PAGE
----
Top Gear Season 16 on Blu-ray disc
By Jim Bray
Probably the most entertaining car show on TV today, Top Gear, is shown around the world and has also spawned spinoff series. But if you really want to watch it the way it should be seen, you really should experience it on Blu-ray.
How else can you chuckle at every nook and cranny of Jeremy Clarkson's face – let alone revel in the rich colors of the many vehicles they cover and the locations they inflict themselves upon on the show?
Season 16, which consists of seven episodes and a couple of specials, is the first one I've had a chance to view on disc, either Blu-ray or DVD, and now I'm hooked. I've been watching the show for a few years on BBC Canada (It also runs on BBC America) and was made an addict by its humor, irreverence, and of course the panoply of great wheels they feature, even if plenty of them aren't available in North America - and even if they were they're priced out of reach of most mere mortals.
The charm of the show comes not only from the vehicles, but from the hosts: lead presenter Jeremy Clarkson, and his rhythm section consisting of Richard Hammond and James May. Each of them bring likeable personalities to their duties and have great chemistry with each other. Hammond and May also display the patience of Job, and keep their humor intact in the face of the basically insufferable (but "lovably so") Clarkson, who bullies and cheats his way through their challenges (and the show itself).
Season 16 brings us a new Stig, the show's faceless "tame racing driver." The old one apparently spilled the beans as to his identity and in this season is now referred to as "Sacked Stig." The new one is introduced during the show's Christmas special, which sees Jeremy, Richard and James as "Three Wise Men" (more like three "wise guys," if you ask me, which you probably didn't) heading from the East (Iraq, as it turns out) to Bethlehem. He then takes up his duties as the test driver of the hot laps they run with most of their test cars – as well as performing as mentor to the stars they regularly put into their "reasonably priced car" to compete in a celebrity hot lap contest.
The season also sends the team to America for a road trip through some of the eastern states, culminating in a race through Manhattan as they attempt to see which of their supercars is the best. This time, perhaps because they realize there are many Americans who watch the show, their British arrogance toward the colonists is kept mostly under wraps - and that's very welcome.
There's another road trip, to Albania, where they perform their usual histrionics with a Rolls-Royce, Mercedes-Benz and a "Bentley", as well as the typical comparisons they do that let us lust after the cars while they impart totally useless information about them.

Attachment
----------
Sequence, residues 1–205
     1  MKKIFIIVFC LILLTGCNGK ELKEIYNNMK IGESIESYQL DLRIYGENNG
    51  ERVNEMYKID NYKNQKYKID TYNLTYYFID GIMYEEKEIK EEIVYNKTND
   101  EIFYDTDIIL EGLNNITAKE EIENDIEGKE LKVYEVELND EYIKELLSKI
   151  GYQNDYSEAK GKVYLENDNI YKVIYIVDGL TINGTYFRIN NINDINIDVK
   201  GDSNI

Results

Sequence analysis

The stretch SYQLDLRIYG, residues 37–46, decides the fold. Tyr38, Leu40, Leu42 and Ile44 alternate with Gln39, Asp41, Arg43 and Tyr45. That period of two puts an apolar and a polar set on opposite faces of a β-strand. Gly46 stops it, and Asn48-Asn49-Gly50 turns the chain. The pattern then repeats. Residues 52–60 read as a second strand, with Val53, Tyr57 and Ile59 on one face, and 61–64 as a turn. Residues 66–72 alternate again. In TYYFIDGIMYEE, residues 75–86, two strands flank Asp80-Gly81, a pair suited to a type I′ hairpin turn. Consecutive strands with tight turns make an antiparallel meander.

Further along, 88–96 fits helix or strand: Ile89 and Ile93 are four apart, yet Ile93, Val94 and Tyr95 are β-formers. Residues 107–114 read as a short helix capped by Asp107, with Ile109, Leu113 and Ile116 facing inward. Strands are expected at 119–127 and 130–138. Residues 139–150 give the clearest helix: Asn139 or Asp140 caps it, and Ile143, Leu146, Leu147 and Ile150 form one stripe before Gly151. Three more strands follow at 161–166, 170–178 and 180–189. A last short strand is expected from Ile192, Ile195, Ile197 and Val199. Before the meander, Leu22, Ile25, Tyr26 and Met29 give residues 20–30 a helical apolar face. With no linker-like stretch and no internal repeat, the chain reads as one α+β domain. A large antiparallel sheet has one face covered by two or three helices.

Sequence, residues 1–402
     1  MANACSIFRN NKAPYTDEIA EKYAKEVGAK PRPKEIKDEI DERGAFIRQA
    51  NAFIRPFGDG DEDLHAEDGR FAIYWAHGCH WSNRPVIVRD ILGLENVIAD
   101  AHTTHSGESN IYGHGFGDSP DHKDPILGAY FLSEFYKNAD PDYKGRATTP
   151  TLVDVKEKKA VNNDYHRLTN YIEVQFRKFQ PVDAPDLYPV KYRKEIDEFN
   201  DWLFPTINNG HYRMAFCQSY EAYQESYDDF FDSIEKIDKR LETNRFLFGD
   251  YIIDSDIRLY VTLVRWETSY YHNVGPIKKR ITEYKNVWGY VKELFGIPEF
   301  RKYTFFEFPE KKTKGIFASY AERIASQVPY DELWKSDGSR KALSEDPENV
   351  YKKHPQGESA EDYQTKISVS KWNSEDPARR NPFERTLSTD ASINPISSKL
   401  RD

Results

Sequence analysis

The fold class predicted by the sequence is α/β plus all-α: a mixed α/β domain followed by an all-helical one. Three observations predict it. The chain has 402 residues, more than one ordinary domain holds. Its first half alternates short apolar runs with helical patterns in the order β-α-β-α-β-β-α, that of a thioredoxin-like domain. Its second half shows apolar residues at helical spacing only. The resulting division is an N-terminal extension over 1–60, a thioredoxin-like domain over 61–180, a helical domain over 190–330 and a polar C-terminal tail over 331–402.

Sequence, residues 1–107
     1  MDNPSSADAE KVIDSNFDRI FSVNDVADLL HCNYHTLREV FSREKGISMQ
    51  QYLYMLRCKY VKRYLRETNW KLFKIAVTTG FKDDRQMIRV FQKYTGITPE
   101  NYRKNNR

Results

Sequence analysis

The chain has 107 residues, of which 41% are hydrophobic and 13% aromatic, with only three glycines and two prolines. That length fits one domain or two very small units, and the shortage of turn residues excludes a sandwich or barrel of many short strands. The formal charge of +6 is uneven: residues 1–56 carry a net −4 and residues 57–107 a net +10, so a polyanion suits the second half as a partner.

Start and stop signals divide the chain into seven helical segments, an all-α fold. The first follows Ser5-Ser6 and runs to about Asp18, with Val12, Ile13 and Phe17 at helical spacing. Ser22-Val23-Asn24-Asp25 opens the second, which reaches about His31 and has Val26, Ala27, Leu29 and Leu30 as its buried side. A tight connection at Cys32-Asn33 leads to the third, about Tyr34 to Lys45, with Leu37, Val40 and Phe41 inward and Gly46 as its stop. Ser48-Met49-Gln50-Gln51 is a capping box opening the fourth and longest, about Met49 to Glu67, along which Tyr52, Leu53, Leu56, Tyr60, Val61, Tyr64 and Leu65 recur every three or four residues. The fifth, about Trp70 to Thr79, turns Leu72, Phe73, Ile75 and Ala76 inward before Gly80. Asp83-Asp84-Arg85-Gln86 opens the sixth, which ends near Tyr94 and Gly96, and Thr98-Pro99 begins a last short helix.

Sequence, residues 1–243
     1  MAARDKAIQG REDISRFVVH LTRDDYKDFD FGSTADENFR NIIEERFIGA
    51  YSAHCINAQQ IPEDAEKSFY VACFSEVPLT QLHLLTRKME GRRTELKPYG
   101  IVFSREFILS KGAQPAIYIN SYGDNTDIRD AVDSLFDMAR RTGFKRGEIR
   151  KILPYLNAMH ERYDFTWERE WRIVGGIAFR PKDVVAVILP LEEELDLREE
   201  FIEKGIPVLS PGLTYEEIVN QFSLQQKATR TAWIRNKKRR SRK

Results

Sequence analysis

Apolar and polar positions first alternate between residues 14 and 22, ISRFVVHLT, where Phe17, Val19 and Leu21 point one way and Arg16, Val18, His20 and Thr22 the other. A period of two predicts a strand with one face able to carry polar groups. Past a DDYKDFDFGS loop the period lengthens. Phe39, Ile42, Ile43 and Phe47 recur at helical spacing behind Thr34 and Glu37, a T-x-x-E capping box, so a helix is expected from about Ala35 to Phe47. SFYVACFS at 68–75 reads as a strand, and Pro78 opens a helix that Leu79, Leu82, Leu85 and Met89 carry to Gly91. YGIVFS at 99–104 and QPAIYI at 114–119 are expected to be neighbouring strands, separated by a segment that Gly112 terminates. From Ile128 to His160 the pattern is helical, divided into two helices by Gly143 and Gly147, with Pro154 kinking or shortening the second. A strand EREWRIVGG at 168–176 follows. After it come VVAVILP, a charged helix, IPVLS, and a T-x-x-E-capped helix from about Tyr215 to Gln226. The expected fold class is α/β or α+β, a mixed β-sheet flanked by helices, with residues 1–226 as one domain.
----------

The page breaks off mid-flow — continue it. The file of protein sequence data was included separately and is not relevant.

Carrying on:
For example, Richard Hammond goes to South Africa to see if a Porsche 911 Turbo S – which just happens to be the car after which I lust the most, since I took it on a road trip of my own earlier this year (though Hammond's is a Cabriolet) – can cover a mile faster than an old Volkswagen Beetle, which they correctly remind viewers is the spiritual foundation of the mighty 911.
This might seem like a no brainer but, in typical Top Gear manner, they hamstring the mighty Porsche by taking it off its natural element – asphalt – and force it to compete instead on a salt flat with less traction – and then they give the Beetle a bit of an advantage, bypassing its ancient and anemic powertrain by dropping it from a helicopter hovering a mile above the finish, er, spot.
As a newcomer to the disc-based Top Gears, I was intrigued by the supplementary materials, which include a tour of the Top Gear facility (the office and the hangar in which they shoot the program), behind the scenes looks at stars tackling the show's reasonably priced Kia, and a few other interesting and entertaining tidbits.
It was eye opening getting to watch some of the season's shows on the three disc set within a few days of having watched the same shows on cable TV. The lack of commercials on the disc, coupled with the time to let the shows unfold with no consideration required to sandwiching them into an hour of broadcast time with commercials, makes them flow much better.
And of course the high definition picture doesn't hurt, either. I've been watching Top Gear on SD cable, at its 480i resolution, so the leap up to 1080i makes a huge difference. Not only can you see every blemish on the presenters' faces but, as mentioned, the cars (which are supposed to be the reason we watch, but which are only part because the show's just so darned entertaining in its own right) and the exotic locations also benefit hugely from the high def picture.
Also, if you've been watching Top Gear in SD with the sides sliced off, you'll probably also like the fact that the Blu-ray is in 16x9 widescreen.
Audio is only stereo, but the quality is very good. You don't get the roars and burbles of the engines nearly as well as you would if you were really there, but it's a lot better than what my cable channel offers.
Now that I've entered the disc-based world of Top Gear, I'm hoping Warner Home Video will release a boxed set with all the seasons I've missed. Sure, the shows are out of date and the cars may not even be made any more – or would be changed substantially at least – but it doesn't matter. With TV unfortunately being, with few exceptions, a vast wasteland, Top Gear stands out as not only a terrific car show, but a show entertaining enough to keep the interest of people other than "petrol heads."
copyright 2011 Jim Bray
Top Gear, Season 16, from Warner Home Entertainment
Jim Bray's columns are available from the TechnoFile Syndicate.